Three years ago in June I left San Juan, Puerto Rico 5-months pregnant, terrified that every single tug and pain was a signal that something was wrong with the pregnancy and I just didn’t know it yet. I cried and said goodbye to the Isla del Encanto (island of enchantment- for me, it truly was.) I took pictures of every corner of the studio apartment that had been my home for almost a year. I cried and wondered why it felt like I’d never be back there, even though out loud I kept saying I’d return.
Three years ago in June, I moved to a two-bedroom in Massachusetts, where I spent most of every day alone, unpacking box after box and setting up everything and designing a nursery. I went to auctions and estate sales and children’s clothing stores and OB-GYN appointments. I walked on the treadmill and in the mall and I tried to stifle the voice inside that wanted to spiral into panic and doomsday predictions. I was impatient to meet my child, writing a lullaby, practicing raising and lowering the drop-side crib railing, feeling the mambo of baby movement that seemed to begin reassuringly around 11 p.m. every night. And, as always, I put on a smile and quieted my misgivings and told myself everything would be okay.
I was a hopeful, careful, hormone-full mom to be, worried about everything, wondering what would happen. I imagined family vacations and birthdays and laughter and hugs. I imagined the we of us three and a future made of dreams, three years ago, three years ago in June.
I never imagined raising my child alone. I never imagined nightly feedings and diaper changes and potty training and daily meals and swimming classes and museum visits and Gymboree and parks, beaches, playdates, parties, movies, vacations, and car rides as a we made of two.
So of course I never imagined getting on a NYC subway with a toddler, armed with only a diaper bag, screenshots of two alternatives for directions just in case, and a belly full of coffee, on our way to the Central Park Zoo.
But ten days ago in June, I did just that. I stepped out of my comfort zone and onto a train. I ignored the panicky urge to anti-bacterialize my child’s whole body or to keep her from touching anything. I squashed thoughts of kidnappers and crooks, or of getting lost and ending up in some sketchy part of the city. I took a deep breath and exhaled the feeling that the New York City that I loved was actually a giant chasm my child and I might fall into if I wasn’t careful!
I inhaled and exhaled and laughed with my little girl as we hurdled under the streets and she saw a brand new world. I forgot about my fears. I didn’t even miss the stroller I had decided to leave at home for the first time ever.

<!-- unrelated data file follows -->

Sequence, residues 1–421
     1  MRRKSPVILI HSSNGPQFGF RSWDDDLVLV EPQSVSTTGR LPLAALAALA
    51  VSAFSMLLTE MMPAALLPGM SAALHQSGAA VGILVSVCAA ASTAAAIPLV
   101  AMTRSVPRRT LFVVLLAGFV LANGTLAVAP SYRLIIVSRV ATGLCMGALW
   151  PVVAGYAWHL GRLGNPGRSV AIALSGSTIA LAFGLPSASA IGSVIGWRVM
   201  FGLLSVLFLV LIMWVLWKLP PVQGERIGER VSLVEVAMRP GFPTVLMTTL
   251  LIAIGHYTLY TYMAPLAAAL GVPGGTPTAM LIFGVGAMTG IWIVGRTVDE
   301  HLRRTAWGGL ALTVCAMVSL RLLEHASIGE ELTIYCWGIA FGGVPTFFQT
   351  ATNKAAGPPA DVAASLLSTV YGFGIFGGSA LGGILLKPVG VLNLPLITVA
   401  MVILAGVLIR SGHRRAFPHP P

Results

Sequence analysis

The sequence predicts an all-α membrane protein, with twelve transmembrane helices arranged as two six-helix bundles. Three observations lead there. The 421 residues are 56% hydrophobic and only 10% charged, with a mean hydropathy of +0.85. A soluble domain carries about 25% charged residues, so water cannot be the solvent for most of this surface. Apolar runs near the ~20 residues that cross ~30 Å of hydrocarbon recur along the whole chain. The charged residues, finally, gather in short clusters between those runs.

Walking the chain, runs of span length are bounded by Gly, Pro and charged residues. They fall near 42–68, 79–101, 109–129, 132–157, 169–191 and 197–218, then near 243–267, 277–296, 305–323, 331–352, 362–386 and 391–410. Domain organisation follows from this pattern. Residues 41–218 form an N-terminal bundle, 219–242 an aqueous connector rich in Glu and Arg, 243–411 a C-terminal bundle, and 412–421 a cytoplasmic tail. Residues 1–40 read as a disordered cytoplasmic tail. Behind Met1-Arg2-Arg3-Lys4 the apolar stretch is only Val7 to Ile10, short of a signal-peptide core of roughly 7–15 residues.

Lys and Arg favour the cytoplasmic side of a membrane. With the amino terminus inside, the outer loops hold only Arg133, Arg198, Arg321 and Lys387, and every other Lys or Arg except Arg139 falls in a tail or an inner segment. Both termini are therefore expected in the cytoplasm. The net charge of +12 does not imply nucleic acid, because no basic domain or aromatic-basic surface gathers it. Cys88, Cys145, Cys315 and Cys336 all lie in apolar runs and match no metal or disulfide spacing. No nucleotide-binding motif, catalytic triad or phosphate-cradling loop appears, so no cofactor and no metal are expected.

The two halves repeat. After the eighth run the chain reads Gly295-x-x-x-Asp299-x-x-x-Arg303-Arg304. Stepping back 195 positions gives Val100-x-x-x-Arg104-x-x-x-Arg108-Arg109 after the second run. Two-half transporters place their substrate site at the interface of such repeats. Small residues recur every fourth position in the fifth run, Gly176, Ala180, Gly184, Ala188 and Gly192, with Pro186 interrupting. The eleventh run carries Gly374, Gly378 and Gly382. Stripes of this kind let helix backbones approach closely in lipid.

Because it was a day of firsts.
The first time my daughter rode the subway and the first time she saw a real polar bear. The first time I wondered if polar bears got angry if toddlers tried to “pound, pound, clap” them awake.
The first time my child was offered a New York City hot dog, and the first time I wondered if this child could possibly not be mine as she turned up her nose and gobbled up just the bun instead of the most likely not good for you, tastes so good deliciousness.
The first time we walked, walked, walked all day and she only asked me to carry her for a little while alongside Central Park. The first time I anticipated my own exhaustion but was happily surprised to be rather comfortable, my arms and back and legs ready for the job.
The first time I felt truly free and started planning all kinds of trips for this sun-loving, travel-happy, made-in Puerto Rico child of mine. The first time I could see those dreams coming true.
And then, three days ago in June, I did something I never, ever would have thought of three years ago in June.
Three days ago I stepped into a courtroom and finally, finally got to tell a judge that I want a divorce, more than a year after I filed for it. After all the ways my ex tried to delay the process, never replying to the courts and refusing to sign the divorce papers, sweet talking me desperately and out of the blue whenever he thought it might work, threatening he wouldn’t let me divorce him, after all that I finally got to put an end to that marriage.
I was nervous, I was certain. I was hopeful it would be over quick so I could get back to my life that had been stopping and starting and circling back and stuck in place like train ride in a nightmare.
Three years ago in June I was a mostly scared, sad little girl turning into a mom. Today I am unstuck, living my dreams, trying on adventures and finding my fit. I’m a single mom, stepping out of my comfort zone into a world of enchantment I can’t wait to explore with my little girl by my side. On this day in June, I’m moving forward, and it’s a thrilling ride! 😀